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Politics

Candidate hit with ethics complaint

A Spring Hill man says a commission hopeful used resources from a civic organization she runs.

By ASJYLYN LODER
Published October 20, 2006


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Antonio Callari said Wednesday that he's got little use for politics, and that he's just a concerned citizen trying to do his part.

The Spring Hill resident has filed an ethics complaint against Democratic County Commission candidate Rose Rocco. Callari claims Rocco used resources from a civic organization she runs to help out her campaign. Rocco denied the charge, and claimed the complaint is revenge for her criticism of her opponent, four-term Commissioner Nancy Robinson.

Callari said the complaint he filed with the Florida Elections Commission is an "inquiry," not an accusation. "I just wanted to know if what she was doing was legal," he said.

Callari noticed that Rocco listed the same phone number, address and e-mail address for both her campaign and for Operation PRIDE, a civic organization that she helped found in 2001. That should count as in-kind contributions to her campaign, he alleged. Callari filed the complaint against Rocco and her campaign treasurer, Greg K. Myers.

Her campaign Web site linked to Operation PRIDE's Web site. "This implies a connection or support between the two," Callari wrote.

Rocco said, "That's my personal phone number, and I pay for it out of my own pocket. That's my personal e-mail address, and I pay for it out of my own pocket. It's provided on Operation PRIDE as a courtesy, so people can get in touch with me."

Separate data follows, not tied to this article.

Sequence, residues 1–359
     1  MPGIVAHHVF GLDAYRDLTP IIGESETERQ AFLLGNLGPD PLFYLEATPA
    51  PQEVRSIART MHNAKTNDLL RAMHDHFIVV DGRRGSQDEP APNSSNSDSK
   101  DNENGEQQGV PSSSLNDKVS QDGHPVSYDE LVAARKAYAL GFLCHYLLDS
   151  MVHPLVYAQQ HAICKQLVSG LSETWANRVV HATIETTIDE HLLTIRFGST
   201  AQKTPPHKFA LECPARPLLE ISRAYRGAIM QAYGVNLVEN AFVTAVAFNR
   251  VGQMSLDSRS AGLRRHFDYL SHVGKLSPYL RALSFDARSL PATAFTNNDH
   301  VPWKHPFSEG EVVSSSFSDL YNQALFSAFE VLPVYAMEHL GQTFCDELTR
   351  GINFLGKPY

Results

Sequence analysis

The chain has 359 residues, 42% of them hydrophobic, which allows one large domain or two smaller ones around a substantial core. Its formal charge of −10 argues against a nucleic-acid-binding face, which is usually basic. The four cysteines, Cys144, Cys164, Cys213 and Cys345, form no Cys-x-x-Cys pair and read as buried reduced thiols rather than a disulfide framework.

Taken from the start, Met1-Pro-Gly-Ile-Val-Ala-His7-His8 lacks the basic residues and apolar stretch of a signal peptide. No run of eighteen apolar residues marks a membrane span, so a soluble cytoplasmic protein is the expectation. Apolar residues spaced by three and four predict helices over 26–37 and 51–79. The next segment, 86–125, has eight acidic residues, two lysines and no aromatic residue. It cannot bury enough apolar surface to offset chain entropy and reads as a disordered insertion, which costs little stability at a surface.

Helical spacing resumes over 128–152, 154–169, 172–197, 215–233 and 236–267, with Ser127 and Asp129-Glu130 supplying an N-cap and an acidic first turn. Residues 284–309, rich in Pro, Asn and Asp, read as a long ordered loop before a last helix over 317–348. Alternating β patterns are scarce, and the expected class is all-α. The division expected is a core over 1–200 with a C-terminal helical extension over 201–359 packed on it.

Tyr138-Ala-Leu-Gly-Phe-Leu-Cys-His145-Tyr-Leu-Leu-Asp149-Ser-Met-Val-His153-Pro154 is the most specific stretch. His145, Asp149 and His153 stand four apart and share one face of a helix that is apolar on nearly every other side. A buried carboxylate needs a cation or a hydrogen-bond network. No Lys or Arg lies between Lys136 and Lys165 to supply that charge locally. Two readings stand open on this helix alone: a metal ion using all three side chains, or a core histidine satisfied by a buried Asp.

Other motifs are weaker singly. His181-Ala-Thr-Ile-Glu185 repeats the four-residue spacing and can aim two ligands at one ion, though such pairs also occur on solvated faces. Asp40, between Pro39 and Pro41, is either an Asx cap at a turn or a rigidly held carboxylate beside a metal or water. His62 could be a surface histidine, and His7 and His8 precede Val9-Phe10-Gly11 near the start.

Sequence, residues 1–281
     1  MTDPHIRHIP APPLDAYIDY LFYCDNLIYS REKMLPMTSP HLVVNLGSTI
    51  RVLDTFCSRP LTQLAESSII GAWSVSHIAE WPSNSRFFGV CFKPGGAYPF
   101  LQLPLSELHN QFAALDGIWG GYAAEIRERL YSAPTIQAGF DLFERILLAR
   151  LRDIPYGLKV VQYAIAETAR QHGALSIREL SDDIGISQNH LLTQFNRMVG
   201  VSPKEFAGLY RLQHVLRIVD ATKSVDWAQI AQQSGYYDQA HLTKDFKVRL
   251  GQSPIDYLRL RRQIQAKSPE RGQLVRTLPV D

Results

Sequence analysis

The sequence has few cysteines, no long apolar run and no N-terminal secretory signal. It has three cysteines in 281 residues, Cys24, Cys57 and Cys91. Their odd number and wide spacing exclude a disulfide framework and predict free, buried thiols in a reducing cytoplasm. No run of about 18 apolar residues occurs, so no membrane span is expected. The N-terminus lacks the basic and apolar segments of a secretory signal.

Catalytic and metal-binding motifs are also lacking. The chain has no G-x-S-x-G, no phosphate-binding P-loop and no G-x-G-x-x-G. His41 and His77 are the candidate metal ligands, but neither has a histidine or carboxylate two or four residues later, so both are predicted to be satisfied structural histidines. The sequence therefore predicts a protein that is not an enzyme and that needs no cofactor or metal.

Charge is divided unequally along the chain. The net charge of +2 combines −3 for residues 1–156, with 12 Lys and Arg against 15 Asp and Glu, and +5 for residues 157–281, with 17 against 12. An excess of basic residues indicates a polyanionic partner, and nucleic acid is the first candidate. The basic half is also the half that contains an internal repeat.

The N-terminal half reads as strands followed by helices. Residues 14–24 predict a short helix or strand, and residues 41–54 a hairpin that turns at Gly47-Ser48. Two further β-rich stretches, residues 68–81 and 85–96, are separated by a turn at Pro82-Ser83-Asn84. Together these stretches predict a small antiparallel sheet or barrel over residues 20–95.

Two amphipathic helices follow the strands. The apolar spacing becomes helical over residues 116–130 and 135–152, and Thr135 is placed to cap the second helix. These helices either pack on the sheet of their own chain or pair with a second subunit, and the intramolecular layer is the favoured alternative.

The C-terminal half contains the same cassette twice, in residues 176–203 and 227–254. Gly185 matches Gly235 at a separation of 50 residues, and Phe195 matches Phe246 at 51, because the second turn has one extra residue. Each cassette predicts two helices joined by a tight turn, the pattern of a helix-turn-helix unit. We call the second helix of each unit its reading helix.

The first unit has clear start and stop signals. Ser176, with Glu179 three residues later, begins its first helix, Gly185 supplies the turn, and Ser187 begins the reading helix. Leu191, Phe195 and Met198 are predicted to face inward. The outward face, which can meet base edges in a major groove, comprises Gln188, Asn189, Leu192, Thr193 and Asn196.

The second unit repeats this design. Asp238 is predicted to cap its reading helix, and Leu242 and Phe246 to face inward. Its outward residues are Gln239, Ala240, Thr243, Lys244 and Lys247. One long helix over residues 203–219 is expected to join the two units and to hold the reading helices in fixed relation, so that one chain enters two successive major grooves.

The post office box belongs to Myers' business and is paid for by him, she said.

She noted that while her campaign Web site linked to Operation PRIDE, the nonprofit's Web site does not advertise or link back to her commission campaign. She believes that it's perfectly appropriate and legal but has removed the link temporarily until the Election Commission makes its decision.

No money or services moved between Operation PRIDE and her campaign, Rocco said.

"That she has to tell to the ethics committee, not me," Callari said. "I just felt that it didn't seem right."

The Elections Commission has five days to determine whether Callari's complaint is legally sufficient. A finding of legal sufficiency does not mean that Rocco broke the law. If the complaint is sufficient, the commission will investigate and determine if there's probable cause to believe Rocco violated the law.

The commission does not meet again until mid November, so probable cause would not be determined before the Nov. 7 election.

Rocco said she believes that Robinson or her supporters engineered the complaint.

Callari said he is not involved with county Republican politics at all. He is a registered Republican, typically voting in the general election, but not in the GOP primaries, according to voting records with the supervisor of elections.

Rocco said it's payback for her criticism of Robinson. On Oct. 2, Robinson asked Clerk of Court Karen Nicolai to have a transcript typed of Rocco's comments during a public hearing against a reduction in the property tax rate. Nicolai's staff typed Rocco's comments, and Robinson used the typescript as a campaign flier. Confronted about it on Oct. 9, Robinson said it had been a misunderstanding, and paid Nicolai's office $7.04 for the staff time.

Rocco accused Robinson of using county staff time and resources to help her campaign. Rocco made a similar accusation in 2002, filing an elections commission complaint against Robinson. Robinson had printed the County Commission office phone number on her campaign material. Robinson said it was a mistake, and the Florida Elections Commission dismissed it.

This is Rocco's third run for County Commission, the second against Robinson. Rocco lost to Robinson in 2002, when Rocco was a Republican and Robinson a Democrat. Since then, both women have changed parties.

Asjylyn Loder can be reached at aloder@sptimes.com or 352754-6127.

[Last modified October 20, 2006, 06:26:11]


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